• This is a true drinking culture. I thought coloradans liked to drink, but they could learn a thing or two from Londoners. A Briton gets off work and goes straight to a pub. Not like a pub in the US.  I mean a pub. They serve beer there and that’s it. No food (or if they do it’s just fish & chips or similar variations), hardly any seating, and you’d have to search to find cocktails behind the bar.  Not only that, these places are ALL PACKED. The patrons are all spilling out into the streets (something you can’t do in the US typically), just hanging around with a pint in their hand, talking away.  All of them. The entire city is at the pub every day from 5pm – 9pm.  And then everything SHUTS DOWN.  Every bar in the city is closed by 11 during the week. It’s crazy.

nights at the london pub

Andy is another one of those individuals that’s “in tune.”  He is a genuinely good person, with good humor and a good nature, and he cares about important things, and he has good perspective.  He works for a nonprofit.  Lou is an artist of some sort, I’m not really sure, just from what I can derive from her facebook posts of cool fashion shows or music events.  They’re the kind of people you want in your life because they bring color and substance to it and they don’t just regurgitate things they’ve heard on the tv.

Andy and I joked about all manner of things before eventually starting into a more serious conversation about life and adjusting after a major journey like he’d gone on, and the one that I was on right now.  We talked about the difference between Americans and Britons, we shared ideas and observations all across the board.  One of the interesting theories that he shared is that he thinks that americans tend to obsess more about their sense of identity and purpose and meaning in life than brits.  He said that brits tend to not worry about those types of things so much, whereas americans can’t not think about it sometimes.  A fascinating theory, and I jokingly told him he had me pegged.

We talked about the narcissism that is seemingly being driven by social media, that digital connection is luring people into a hibernation that prevents authentic interaction and exploration and curiosity.  We then laughed at the irony of meeting previously in the middle of some random desert and then connecting on facebook, and now nine months later we are criticizing the very medium that made this interaction even possible.

Eventually we parted ways, but not before I realized that andy had saved my London trip.  Outside of that meeting, I felt incredibly lonely during my time in London, even with so much history and culture.  I really struggled to find meaningful connection with people amongst so many options and opportunities. Every passerby was a potential new friend, but I couldn’t break through.  I began trying to make eye contact with everyone on the street, but everyone was too busy commuting or being on their mobile phone.  Even in the pubs, people were busily chatting in their cliques.  I couldn’t get in.

This isn’t a knock on the Londoner culture, but more a realization of modern technology and also of the timing and brevity of my visit.  I realize I was only there for 4 nights and I was there during the week, not on the weekend.  Luckily I likely will return there before I return to the states, so my travels in the UK are not over.  but andy gave me a window to experience and connect in the way that i wanted to.  i didn’t just want to be a tourist, and he helped me escape that.

oh, and one sidenote, andy recommended a fantastic museum that i will pass on to you:  the john soane house.  john soane is one of the chief architects of london, and his influence is widespread and obvious once your eyes are open to it.  for example, he designed the red telephone booths that you see all over london.  this museum is actually just his house, and it is a fantastical building.  known as the master of architectural space and light, soane specialized in efficiently managing small spaces with taste and style, and it is very evident in the way he designed his home.  no space is wasted, and he also has a very eclectic and eccentric art collection.  and it’s a free museum.  trust me, it’s worth your time.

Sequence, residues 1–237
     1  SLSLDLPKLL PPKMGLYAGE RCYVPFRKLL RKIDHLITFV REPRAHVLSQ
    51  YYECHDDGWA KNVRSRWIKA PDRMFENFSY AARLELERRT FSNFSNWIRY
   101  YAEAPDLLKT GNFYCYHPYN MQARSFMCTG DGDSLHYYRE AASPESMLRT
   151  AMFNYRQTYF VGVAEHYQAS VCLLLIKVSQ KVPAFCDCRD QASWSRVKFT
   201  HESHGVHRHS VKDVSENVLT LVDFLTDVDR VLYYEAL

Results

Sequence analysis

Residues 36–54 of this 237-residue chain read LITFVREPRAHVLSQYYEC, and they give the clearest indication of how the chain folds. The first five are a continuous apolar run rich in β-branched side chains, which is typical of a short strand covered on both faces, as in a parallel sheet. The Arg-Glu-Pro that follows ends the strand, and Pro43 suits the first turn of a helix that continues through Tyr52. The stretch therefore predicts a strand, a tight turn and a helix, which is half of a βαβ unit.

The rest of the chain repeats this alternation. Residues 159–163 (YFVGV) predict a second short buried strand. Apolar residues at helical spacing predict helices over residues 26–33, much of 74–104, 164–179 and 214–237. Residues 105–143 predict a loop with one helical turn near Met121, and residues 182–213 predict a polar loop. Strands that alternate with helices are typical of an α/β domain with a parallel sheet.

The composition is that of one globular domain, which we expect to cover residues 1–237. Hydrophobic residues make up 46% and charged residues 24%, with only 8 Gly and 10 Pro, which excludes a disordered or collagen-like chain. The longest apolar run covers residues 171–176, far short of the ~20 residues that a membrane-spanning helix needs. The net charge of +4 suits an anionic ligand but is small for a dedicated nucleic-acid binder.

and lastly, you’re noise pollution for the weekend…

minding the gap: welcome to london

My final reflections on Iceland I think were pretty obvious.  A magical place of outdoor wonder and beauty beyond compare.  A place with colder temperatures but warmer experiences, it sometimes felt like i may as well have been walking on the moon. I often felt that the Icelandic culture had a quirky sense of humor, but it was not always easily detectable, as the personalities of the local people I met were usually reserved and on an “even keel.”  This could probably be misinterpreted by travelers as “cold” or “unwelcoming,” but I don’t think that is the case.  I think the culture is just a little more straightforward and practical than what an American might be used to.  Their sense of humor is quirky and playful, if you can get to that level of comfort with a local.  The food wasn’t always mindblowing, but I never had a meal that made me lose my appetite.  Plus, you don’t go to Iceland for the food.  You go there to get outside, to see breathtaking spectacles of natural, untouched, ever-changing elemental earth.  I met quite a few people in Reykjavik who had 3 or 4 day weekends in Iceland planned with no intention of venturing outdoors and were content to just explore the city.  If this could be you, let me save you the trouble: don’t bother.  You will be doing Iceland wrong.  Bring a pair of hiking boots and at least take a guided bus tour of the “golden circle,” which takes you around the pingvellir park, the famous geyser, and beautiful waterfall gullfoss.  Even if you’re not outdoorsy, you can handle this 5 hour loop by bus with minimal physical activity.  Trust me.  Also, sack up and stop being such a baby.  Learn to go outside and appreciate the world you live in!